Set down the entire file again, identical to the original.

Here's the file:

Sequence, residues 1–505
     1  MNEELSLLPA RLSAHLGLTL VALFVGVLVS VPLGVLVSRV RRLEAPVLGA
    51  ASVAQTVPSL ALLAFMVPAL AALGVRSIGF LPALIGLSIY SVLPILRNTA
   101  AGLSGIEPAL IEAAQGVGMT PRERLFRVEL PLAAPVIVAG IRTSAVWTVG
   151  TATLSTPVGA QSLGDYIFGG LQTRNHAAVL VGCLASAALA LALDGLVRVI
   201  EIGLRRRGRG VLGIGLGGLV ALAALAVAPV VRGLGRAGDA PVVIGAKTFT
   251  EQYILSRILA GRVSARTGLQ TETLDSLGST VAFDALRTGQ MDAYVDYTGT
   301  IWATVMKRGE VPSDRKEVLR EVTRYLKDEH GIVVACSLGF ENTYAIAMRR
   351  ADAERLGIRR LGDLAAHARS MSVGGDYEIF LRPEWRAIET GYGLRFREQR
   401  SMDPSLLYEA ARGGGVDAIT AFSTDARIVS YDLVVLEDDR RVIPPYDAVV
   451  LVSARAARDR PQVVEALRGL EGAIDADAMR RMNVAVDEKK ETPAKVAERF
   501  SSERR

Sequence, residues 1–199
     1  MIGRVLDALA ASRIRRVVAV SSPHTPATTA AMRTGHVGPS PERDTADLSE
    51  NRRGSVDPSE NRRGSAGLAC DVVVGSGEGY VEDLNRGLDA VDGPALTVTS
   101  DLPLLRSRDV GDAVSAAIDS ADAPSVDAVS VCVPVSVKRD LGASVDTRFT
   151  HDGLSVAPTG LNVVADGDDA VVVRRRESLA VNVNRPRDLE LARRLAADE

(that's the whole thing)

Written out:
Sequence, residues 1–505
     1  MNEELSLLPA RLSAHLGLTL VALFVGVLVS VPLGVLVSRV RRLEAPVLGA
    51  ASVAQTVPSL ALLAFMVPAL AALGVRSIGF LPALIGLSIY SVLPILRNTA
   101  AGLSGIEPAL IEAAQGVGMT PRERLFRVEL PLAAPVIVAG IRTSAVWTVG
   151  TATLSTPVGA QSLGDYIFGG LQTRNHAAVL VGCLASAALA LALDGLVRVI
   201  EIGLRRRGRG VLGIGLGGLV ALAALAVAPV VRGLGRAGDA PVVIGAKTFT
   251  EQYILSRILA GRVSARTGLQ TETLDSLGST VAFDALRTGQ MDAYVDYTGT
   301  IWATVMKRGE VPSDRKEVLR EVTRYLKDEH GIVVACSLGF ENTYAIAMRR
   351  ADAERLGIRR LGDLAAHARS MSVGGDYEIF LRPEWRAIET GYGLRFREQR
   401  SMDPSLLYEA ARGGGVDAIT AFSTDARIVS YDLVVLEDDR RVIPPYDAVV
   451  LVSARAARDR PQVVEALRGL EGAIDADAMR RMNVAVDEKK ETPAKVAERF
   501  SSERR

Sequence, residues 1–199
     1  MIGRVLDALA ASRIRRVVAV SSPHTPATTA AMRTGHVGPS PERDTADLSE
    51  NRRGSVDPSE NRRGSAGLAC DVVVGSGEGY VEDLNRGLDA VDGPALTVTS
   101  DLPLLRSRDV GDAVSAAIDS ADAPSVDAVS VCVPVSVKRD LGASVDTRFT
   151  HDGLSVAPTG LNVVADGDDA VVVRRRESLA VNVNRPRDLE LARRLAADE